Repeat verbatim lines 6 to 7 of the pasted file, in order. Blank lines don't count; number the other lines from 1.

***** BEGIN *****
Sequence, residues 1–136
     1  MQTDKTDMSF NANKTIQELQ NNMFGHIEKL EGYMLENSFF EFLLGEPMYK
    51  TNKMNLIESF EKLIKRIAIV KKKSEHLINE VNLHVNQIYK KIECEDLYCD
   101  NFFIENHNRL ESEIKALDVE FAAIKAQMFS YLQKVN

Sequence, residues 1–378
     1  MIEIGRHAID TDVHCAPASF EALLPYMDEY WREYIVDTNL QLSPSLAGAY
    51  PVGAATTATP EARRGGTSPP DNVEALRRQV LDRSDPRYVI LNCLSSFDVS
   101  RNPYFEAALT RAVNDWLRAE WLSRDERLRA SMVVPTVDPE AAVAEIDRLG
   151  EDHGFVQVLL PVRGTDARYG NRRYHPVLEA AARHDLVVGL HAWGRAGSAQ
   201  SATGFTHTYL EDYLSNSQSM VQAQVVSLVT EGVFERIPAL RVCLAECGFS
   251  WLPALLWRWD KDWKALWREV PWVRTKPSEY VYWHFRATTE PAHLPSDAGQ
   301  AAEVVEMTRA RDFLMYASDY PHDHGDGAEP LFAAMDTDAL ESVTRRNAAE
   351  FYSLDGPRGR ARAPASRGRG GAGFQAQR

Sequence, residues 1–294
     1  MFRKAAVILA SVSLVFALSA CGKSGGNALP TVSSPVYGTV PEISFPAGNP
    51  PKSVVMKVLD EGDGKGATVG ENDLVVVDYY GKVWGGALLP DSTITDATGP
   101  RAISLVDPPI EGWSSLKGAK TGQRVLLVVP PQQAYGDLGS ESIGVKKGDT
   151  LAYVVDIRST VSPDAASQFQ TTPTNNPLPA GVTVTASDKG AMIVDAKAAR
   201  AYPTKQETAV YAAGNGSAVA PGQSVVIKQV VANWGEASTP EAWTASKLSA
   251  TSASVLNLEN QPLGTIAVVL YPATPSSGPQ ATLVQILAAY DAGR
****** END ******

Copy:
     1  MIEIGRHAID TDVHCAPASF EALLPYMDEY WREYIVDTNL QLSPSLAGAY
    51  PVGAATTATP EARRGGTSPP DNVEALRRQV LDRSDPRYVI LNCLSSFDVS